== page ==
Over the last few weeks we have been covering multiple stories about problems with water quality in specific area as well as failures in our water infrastructure. This problem is not new and unfortunately has no longer become important news. It has become such an accepted situation that inaction in our local and national government has also become acceptable. Our health and right to safe, toxin free water has been overshadowed by greed and in some cases corruption. We are going to site a few such instances, not to focus on the water quality, but to focus on the level of inaction which was taken by our representatives. These people whom are to have our best interest in mind and fight for us, our unwilling to acknowledge the severity of the issue. The consequences suffered by officials at fault in Flint should certainly be mirrored across the country, until reform is mandated.
We will start with the most recent article we covered on our Facebook page from The DesMoinse Register. This segment starts to sound uplifting and like a positive move in the right direction, until the last sentence. "Cedar Rapids Mayor Ron Corbett, mentioned as a possible Republican candidate for governor in 2018, said Tuesday he endorses the Iowa Water and Land Legacy Coalition's efforts to raise the sales tax by three-eighths of 1 cent during the Iowa Legislature's 2017 session, which convenes in January. He spoke during a teleconference call with Iowa reporters in which coalition leaders announced expanded backing for the sales tax initiative.
Corbett joins six other Iowa mayors supporting the coalition's plans for a sales tax increase, which would include money intended to reduce water pollution linked to runoff from Iowa's farm fields. The other mayors are Frank Cownie of Des Moines, Jon Kruse of Storm Lake, Bob Scott of Sioux City, Jim Erb of Charles City, John Lundell of Coralville and Ed Malloy of Fairfield.
Corbett said the sales tax money would help provide an "Iowa solution" to the state's water quality problems instead of a remedy mandated by the courts or federal officials in Washington, D.C. The money would be directed to the state's Natural Resources and Outdoor Recreation Trust Fund, which has been empty since Iowa voters overwhelmingly approved the fund's creation in the 2010 election."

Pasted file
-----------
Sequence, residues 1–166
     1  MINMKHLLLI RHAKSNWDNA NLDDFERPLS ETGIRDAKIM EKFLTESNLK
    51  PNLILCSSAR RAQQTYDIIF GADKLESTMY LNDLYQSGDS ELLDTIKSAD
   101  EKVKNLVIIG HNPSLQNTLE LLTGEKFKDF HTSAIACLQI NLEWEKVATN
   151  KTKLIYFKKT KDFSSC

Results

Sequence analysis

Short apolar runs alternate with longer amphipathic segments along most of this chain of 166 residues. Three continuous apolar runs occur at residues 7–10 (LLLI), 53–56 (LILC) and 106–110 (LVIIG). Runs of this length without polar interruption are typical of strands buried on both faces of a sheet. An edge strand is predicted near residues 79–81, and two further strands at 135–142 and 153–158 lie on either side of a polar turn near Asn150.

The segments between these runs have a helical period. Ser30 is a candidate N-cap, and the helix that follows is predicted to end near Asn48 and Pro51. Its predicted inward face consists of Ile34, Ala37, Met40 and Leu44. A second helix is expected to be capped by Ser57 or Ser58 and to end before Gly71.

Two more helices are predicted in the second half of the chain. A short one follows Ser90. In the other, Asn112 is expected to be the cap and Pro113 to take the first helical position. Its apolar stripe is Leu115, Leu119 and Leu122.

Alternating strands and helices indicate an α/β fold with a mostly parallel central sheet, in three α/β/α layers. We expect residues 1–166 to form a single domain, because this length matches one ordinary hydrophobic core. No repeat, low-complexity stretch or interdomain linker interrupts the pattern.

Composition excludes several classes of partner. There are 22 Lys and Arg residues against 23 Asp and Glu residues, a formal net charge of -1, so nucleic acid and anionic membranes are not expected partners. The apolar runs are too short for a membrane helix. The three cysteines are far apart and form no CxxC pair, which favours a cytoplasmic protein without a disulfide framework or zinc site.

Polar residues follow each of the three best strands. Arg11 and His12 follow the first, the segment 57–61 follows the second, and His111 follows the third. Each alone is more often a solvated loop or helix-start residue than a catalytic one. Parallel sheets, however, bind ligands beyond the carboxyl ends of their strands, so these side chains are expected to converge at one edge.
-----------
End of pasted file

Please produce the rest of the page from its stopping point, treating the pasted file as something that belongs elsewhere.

That is correct. An overwhelming vote in 2010 made this issue a top priority and it has done nothing even 6 years later. No action against the factory farming that is polluted the water or any activity to fund Natural Resources and Outdoor Recreation Trust Fund has happened. In fact it is merely a talking point for the 2018 election.
Here is a scary quote from Polk county in FL. We covered this a couple months ago and were surprised that more national coverage was given.
“No matter what Mosaic does at this point, some of the damage is done,” Marshall said. “They are not going to get all of that water back. As long as we continue phosphate mining in this state, we are going to continue having these large pools of radioactive water and radioactive waste.”
That is a scary quote. Now that quote accompanied a discussion about a 45 ft. wide by some 300 ft. deep sink hole that was emptying on of these large pools of radioactive waste into unknown locations with unknown consequences. The sinkhole was discovered by a Mosaic worker on Aug. 27, but residents weren't notified of its potential reach until Sept. 11. The Floridan aquifer supplies water to nearly 10 million people and is a major bottling source for Zephyrhills bottled water.
Protecting companies and big business seems to be the first priority.
This article could go on and on. We plan on continuing to focus on this lack of action and concern for our health. In the meantime, it is up to you. Make sure you at least have your best interest in mind, nobody else does.
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